Emma Collins writes a guest post for me today with an article on sustainable innovation — in education. Innovation in education has been slow to arrive, but recently there have been some significant shifts, for instance the free courses Stanford is offering. i’ve heard amazing things about the virtual course conducted by Tina Seelig.
As Emma notes, getting a good idea off the ground is often harder than it looks — even under ideal market conditions. Emma works for a web company that just released an MBA schools report 2012 on distance programs, and her expertise is in education; this article focuses primarily on ed-tech initiatives, but the lessons learned should apply to a much broader range of startups. So, without further introduction, here’s the interesting guest post:
Innovation in Education: How Entrepreneurs Turn an MBA into Changes to Learning
The educational space has seen a number of big changes in recent years. Some of the most obvious come from institutions themselves: budget cuts, student assessment critiques, and pushes for more standardized learning often top the lists. Some of the more profound changes come more as undercurrents, however, and typically have to do with technological innovation. The rise of the Internet culture has coincided with a period of great innovative need in schools, both at the K-12 and university levels. Never has there been greater demand for cutting-edge technologies and wired educational tools—and never have the opportunities for those with an entrepreneurial bent in this direction been stronger. Though the climate is near perfect for innovators, there are still a number of challenges to success that new entrepreneurs need to keep in mind before wading too deep.
Ever since online universities proved that there really is a market for education online, the Internet has been leveraged in numerous ways for learning’s sake. Most of the pioneers in the field were sponsored by big-name corporations, else underwritten by major foundations. One laptop per child initiatives, projects to make America’s classrooms wireless, and programs designed help tablet computers like the iPad replace or supplement textbooks are, in many ways, just the beginning. These larger frameworks have set the stage for smaller, more niche innovators to bring their products, apps, and ideas to the mainstream market.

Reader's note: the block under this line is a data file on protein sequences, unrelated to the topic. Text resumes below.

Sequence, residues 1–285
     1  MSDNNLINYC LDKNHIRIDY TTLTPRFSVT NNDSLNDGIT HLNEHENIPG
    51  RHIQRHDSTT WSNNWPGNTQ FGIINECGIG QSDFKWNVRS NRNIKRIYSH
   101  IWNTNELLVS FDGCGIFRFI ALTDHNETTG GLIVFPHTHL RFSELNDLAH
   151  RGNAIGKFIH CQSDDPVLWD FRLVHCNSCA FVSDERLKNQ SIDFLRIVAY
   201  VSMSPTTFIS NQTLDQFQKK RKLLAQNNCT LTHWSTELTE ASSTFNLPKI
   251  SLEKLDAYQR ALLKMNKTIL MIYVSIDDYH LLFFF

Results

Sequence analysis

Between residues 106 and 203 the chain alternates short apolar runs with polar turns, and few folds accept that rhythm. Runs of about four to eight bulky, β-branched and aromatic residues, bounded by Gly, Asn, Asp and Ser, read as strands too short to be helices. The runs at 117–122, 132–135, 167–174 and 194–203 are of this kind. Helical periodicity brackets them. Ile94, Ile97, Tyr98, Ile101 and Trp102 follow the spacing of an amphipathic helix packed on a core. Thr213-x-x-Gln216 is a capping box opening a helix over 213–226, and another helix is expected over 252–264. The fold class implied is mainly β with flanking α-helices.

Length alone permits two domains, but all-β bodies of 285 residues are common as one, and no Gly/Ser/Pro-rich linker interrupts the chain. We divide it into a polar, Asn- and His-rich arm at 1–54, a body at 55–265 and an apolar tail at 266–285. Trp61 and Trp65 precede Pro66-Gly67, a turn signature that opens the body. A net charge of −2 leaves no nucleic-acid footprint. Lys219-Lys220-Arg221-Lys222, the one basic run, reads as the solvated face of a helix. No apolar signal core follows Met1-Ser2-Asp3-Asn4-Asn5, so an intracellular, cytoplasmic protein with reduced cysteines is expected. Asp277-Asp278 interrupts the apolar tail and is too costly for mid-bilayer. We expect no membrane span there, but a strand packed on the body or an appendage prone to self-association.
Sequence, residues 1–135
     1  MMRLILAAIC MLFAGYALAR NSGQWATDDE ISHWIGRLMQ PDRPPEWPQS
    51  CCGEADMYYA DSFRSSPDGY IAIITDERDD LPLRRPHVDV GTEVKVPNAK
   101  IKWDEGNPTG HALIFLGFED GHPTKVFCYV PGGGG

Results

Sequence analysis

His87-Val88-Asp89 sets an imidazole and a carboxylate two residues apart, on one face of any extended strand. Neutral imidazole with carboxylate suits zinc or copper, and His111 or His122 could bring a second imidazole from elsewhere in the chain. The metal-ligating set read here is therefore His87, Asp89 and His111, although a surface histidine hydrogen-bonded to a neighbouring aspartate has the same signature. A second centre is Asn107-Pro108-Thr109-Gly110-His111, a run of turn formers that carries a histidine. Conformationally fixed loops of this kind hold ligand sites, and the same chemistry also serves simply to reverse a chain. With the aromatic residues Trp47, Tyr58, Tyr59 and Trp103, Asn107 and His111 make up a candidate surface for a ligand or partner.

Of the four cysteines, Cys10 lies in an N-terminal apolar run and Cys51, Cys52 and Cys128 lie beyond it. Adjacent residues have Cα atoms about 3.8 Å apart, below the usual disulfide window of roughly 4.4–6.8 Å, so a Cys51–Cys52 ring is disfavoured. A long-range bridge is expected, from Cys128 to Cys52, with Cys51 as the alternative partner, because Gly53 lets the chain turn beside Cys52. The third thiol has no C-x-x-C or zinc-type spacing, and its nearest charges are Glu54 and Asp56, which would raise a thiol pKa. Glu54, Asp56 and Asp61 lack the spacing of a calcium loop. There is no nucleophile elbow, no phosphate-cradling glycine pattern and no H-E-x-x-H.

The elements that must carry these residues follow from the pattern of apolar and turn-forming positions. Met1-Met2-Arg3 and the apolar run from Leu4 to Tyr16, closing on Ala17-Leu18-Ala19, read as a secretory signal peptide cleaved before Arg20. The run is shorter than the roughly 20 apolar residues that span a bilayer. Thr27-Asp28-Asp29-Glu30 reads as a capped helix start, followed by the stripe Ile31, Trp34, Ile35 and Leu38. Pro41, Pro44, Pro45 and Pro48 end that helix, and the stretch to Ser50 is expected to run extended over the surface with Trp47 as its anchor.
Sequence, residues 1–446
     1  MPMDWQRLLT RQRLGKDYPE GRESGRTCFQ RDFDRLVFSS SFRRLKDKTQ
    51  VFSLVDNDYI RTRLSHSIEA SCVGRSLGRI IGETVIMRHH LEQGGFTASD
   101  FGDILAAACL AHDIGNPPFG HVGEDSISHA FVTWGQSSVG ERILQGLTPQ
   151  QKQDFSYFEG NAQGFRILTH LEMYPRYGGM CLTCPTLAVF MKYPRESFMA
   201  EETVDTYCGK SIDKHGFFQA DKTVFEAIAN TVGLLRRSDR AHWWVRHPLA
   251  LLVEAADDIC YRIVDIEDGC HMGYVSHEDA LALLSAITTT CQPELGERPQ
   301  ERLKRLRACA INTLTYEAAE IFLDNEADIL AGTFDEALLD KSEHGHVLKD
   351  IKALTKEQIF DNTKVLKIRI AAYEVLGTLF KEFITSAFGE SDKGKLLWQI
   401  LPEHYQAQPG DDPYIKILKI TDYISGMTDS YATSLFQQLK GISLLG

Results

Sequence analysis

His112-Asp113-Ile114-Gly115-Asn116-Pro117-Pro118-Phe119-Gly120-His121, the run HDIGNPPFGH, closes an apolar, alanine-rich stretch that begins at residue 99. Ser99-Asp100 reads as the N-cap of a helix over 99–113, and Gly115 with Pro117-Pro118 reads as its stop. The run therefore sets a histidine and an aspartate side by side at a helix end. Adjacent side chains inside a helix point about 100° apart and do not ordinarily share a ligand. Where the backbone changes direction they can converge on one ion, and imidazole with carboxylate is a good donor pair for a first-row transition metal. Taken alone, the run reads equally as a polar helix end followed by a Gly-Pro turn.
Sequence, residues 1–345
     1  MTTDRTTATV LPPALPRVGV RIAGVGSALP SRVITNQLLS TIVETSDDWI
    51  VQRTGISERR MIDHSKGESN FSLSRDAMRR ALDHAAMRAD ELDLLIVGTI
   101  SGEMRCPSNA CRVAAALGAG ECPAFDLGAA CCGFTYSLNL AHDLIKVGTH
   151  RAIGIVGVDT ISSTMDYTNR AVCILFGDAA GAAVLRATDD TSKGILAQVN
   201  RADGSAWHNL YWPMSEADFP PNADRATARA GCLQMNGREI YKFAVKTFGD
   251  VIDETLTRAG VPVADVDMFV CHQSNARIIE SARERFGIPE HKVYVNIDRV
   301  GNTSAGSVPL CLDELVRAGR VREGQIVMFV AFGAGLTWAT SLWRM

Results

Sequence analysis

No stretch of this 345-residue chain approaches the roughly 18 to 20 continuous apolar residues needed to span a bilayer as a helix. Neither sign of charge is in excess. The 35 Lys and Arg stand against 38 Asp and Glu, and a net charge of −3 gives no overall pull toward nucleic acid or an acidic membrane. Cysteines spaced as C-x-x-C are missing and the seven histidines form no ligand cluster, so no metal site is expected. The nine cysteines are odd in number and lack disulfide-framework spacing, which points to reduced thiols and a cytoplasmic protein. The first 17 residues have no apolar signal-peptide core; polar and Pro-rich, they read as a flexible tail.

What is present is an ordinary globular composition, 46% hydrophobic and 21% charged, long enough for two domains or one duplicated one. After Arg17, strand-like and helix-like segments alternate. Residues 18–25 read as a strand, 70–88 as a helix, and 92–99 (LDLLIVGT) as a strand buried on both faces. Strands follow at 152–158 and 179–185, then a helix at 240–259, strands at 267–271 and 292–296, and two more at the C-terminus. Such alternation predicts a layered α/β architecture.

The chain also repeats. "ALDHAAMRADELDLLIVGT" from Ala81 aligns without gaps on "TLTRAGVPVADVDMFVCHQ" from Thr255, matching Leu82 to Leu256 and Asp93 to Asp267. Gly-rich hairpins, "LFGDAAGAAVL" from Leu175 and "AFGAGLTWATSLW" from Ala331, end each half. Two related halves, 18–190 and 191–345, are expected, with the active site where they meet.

“A closer look reveals that many of these business owners pair a desire to prosper financially with a genuine sense of mission,” TIME magazine reported in early 2012. “They aim to ‘disrupt’ education in productive ways, to introduce tools that will transform the way we learn just as other technologies have transformed the way we work, the way we communicate and the way we entertain ourselves.”
TutorTrove is but one example. Founded by Cornell graduate Trey Billings, the TutorTrove program began as a way to connect tutors with students over the Internet. It has morphed into a robust full-service website for tutors and teachers who want to find clients, bill for services, and connect with a like-minded community. The success of the company has inspired Billings to go on to found a range of other software-based educational ventures, including the graphing calculator program Desmos.
Billings is not alone: hundreds if not thousands of innovative “edupreneurs” are making strides in the educational space nearly every day. Most of their programs are somewhat understated, but all are designed to fill a palpable need in classrooms, among teachers, or for student learning. “Their companies, nimble, flexible and fast-moving, can respond to the genuine needs of students and teachers in ways that the big educational software, hardware and publishing companies often haven’t,” TIME has said.
Part of the struggle innovators face when looking towards long-term viability has to do with funding. Though few innovators enter the space looking to make huge profits, the need to remain at least solvent means that fundraising and venture capital investments quickly become quite important. There is also a question of viability when it comes to the traditionally slow-moving educational bureaucracy. The speed with which technology innovators are creating does not always match the speed with which schools are ready to commit either resources or funding.
“The problem is not a lack of creativity or great ideas. Nor is the problem one of effectiveness — educators have had access for decades to sophisticated, personalized, and highly-effective online instruction and tutors,” Joanne Weiss, chief of staff to the U.S. Secretary of Education, recently wrote for the Harvard Business Review blog. “The problem is rather one of culture and capital. The demands of practitioners and the market supply of innovation from entrepreneurs are simply mismatched,” she said.
“If we can match highly-effective educators with great entrepreneurs and if we can direct smart capital toward these projects, the market for technological innovation might just spurt from infancy into adolescence,” Weiss speculated. Getting there, though, is likely to be the biggest challenge yet—bigger than coming up with great ideas, resourcing their innovation, or shepherding their ultimate implementation.